However, the Act’s implementation has not been without criticism, particularly from art market professionals, with confusion surrounding the obligation to report and how resale royalty applies in agency arrangements being two of the early principal concerns. As the obligation to pay the royalty does not arise until the second transfer of the work after 9 June 2010, challenges as to whether a royalty is payable will not arise immediately. When they do, it is likely that these questions will include whether the artwork falls within the ambit of the Act, whether title to an artwork has passed (thus giving rise to the payment of a royalty) and who is entitled to hold the resale royalty right.

When is a royalty payable?

1 Deceased estate

A painting created in 2000 by a now deceased artist is first sold to a purchaser in 2001. That purchaser re-sells the painting using an auction house in August 2011. Resale royalty is not payable on the sale, as it is the first transfer of the artwork following the introduction of the Act.

2 Indigenous art

A painter sells an artwork directly to an Indigenous art gallery in December 2010 for $10,000 (Transfer 1). The gallery exhibits the work in March 2012 and the painting is sold for $15,000 (Transfer 2). There is no royalty payable on Transfer 1, but there is a royalty of $750 payable to the artist on Transfer 2.

3 Inheritance

A woman acquires a sculpture in 1987 for $7000. She passes away in July 2010 and leaves the sculpture to her son in her will. In 2016, the son sells the sculpture to a gallery for $30,000. A resale royalty of $1500 is payable to the entity.

4 Not an art market professional

In September 2010, a retired businesswoman acquires a limited edition etching from a gallery for $8000. In August 2012, the woman sells it to a friend, a private collector, in a private sale for $12,000. No resale royalty is payable as the sale and transfer of ownership does not involve an art market professional acting in that capacity.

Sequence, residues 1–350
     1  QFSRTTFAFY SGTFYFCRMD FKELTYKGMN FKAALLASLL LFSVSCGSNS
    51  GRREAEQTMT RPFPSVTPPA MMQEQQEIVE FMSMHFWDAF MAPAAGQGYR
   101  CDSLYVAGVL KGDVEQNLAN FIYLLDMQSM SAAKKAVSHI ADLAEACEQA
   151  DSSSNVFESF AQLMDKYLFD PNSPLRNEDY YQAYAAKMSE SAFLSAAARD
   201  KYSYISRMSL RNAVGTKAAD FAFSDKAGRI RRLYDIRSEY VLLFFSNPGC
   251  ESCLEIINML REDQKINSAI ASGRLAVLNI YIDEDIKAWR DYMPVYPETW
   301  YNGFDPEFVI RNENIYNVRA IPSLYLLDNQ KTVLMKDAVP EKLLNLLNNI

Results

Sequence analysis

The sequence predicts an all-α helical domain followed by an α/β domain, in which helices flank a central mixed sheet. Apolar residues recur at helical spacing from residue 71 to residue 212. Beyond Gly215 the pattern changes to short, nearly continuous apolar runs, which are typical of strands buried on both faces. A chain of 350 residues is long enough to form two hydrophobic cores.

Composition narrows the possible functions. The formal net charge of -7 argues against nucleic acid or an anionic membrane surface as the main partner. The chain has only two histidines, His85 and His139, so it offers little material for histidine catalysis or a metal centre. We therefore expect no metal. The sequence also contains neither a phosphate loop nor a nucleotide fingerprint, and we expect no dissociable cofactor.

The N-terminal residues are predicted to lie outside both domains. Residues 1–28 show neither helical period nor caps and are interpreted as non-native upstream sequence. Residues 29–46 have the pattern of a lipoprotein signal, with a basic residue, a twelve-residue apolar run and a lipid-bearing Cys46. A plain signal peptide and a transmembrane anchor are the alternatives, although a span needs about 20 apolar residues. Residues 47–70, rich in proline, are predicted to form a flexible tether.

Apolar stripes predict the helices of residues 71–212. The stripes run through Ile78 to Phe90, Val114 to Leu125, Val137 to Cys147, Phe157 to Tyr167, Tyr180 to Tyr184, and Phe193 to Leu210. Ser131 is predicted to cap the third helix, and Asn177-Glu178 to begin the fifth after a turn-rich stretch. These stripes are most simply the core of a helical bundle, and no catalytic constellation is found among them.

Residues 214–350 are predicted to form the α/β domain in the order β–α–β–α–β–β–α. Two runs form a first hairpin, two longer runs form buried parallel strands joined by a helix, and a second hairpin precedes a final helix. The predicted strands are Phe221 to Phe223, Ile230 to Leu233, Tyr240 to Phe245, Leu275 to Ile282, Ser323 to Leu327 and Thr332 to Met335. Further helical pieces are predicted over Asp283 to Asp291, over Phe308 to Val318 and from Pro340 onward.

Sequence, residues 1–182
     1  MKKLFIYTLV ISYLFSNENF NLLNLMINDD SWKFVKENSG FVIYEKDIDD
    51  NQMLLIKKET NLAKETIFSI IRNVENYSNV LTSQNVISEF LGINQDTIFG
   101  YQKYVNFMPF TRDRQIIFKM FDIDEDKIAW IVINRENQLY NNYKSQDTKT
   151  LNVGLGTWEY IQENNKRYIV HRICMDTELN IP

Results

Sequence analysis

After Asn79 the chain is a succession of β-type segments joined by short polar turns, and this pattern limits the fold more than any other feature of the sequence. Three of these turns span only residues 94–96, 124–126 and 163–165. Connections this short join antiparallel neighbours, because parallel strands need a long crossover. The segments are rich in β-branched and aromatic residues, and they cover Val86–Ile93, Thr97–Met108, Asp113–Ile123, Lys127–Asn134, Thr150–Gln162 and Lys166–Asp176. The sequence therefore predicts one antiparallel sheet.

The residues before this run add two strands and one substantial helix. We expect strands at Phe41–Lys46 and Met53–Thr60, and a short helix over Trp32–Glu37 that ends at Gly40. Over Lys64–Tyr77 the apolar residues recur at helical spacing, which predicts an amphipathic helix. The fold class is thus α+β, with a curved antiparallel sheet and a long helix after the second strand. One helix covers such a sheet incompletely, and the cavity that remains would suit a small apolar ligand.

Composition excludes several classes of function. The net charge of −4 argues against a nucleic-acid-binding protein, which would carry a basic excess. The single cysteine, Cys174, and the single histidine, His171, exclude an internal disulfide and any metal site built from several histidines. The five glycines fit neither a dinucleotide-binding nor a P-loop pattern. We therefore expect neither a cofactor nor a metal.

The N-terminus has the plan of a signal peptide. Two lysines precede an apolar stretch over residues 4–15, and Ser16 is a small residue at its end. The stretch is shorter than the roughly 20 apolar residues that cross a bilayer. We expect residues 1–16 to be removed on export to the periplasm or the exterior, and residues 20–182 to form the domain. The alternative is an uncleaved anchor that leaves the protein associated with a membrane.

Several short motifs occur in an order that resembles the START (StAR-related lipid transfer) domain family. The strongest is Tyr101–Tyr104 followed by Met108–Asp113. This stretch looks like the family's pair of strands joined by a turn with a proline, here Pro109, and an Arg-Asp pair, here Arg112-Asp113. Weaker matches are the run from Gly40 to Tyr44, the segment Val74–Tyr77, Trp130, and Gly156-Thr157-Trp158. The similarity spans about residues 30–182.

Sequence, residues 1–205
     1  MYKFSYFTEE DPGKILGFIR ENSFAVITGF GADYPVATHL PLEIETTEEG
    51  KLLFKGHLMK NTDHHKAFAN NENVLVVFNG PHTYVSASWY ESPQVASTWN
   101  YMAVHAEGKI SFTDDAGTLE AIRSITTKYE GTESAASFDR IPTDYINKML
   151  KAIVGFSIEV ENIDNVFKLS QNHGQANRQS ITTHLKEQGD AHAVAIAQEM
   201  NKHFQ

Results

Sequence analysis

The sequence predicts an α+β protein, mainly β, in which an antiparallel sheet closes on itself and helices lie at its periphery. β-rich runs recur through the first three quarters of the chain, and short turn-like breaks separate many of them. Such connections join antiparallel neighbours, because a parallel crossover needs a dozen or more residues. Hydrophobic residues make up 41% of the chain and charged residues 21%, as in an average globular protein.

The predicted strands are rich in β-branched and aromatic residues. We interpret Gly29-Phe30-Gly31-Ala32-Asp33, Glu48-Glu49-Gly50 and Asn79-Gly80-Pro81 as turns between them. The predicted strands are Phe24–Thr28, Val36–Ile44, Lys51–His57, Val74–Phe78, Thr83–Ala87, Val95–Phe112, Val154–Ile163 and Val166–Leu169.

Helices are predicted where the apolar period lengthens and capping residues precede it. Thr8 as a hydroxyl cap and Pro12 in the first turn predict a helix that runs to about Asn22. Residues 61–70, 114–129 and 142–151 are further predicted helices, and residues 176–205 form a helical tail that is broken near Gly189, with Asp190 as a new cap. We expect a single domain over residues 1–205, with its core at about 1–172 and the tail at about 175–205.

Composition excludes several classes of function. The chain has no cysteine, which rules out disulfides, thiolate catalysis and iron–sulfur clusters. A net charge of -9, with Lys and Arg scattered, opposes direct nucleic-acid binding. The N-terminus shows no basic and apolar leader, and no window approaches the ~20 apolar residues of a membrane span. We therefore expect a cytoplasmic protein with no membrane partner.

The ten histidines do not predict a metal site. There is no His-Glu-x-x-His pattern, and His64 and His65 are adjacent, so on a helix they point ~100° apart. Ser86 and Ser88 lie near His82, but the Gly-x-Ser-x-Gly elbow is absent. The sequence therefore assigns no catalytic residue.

5 Art market professional

In 1935, a private club purchases a Sidney Nolan painting. It hangs on the club’s walls until September 2010, when the club closes its doors. The club engages the services of a professional auctioneer from an auction house to auction the club’s artwork and furniture. The auctioneer sells the artwork to a private investor for $700,000. No royalty is payable because it is the first transfer of the artwork since the commencement of the Act. In July 2012, the private investor sells it to a gallery for $900,000. A royalty of $45,000 is triggered on this sale.

JULIA CAMERON is an associate in the commercial group at Rigby Cooke Lawyers. She practises in general commercial and intellectual property law.

1. Resale royalty schemes exist in over 50 countries, including all European Union countries.

2. Berne Convention for the Protection of Literary and Artistic Works, Paris, Act of July 24, 1971, as amended on September 28, 1979.

3. As at the date of writing, regulations under the Act have not been made.

4. Revised explanatory memorandum, Resale Royalty Right for Visual Artists Bill 2008, p4.

5. Note 4 above, p4.

6. Note 4 above, p5.

7. Note 4 above, p5.

8. Note 4 above, p5.

9. Note 4 above, p5.

10. Note 4 above, p6.

11. Note 4 above, p6.

12. Note 4 above, p7.

13. Note 4 above, p19.

14. Note 4 above, p19.

15. Copyright Agency Limited, “Artists’ resale royalty scheme: FAQs for art market professionals”, August 2010: (accessed 7 February 2011).

16. Note 4 above, p15.

17. Note 4 above, p17.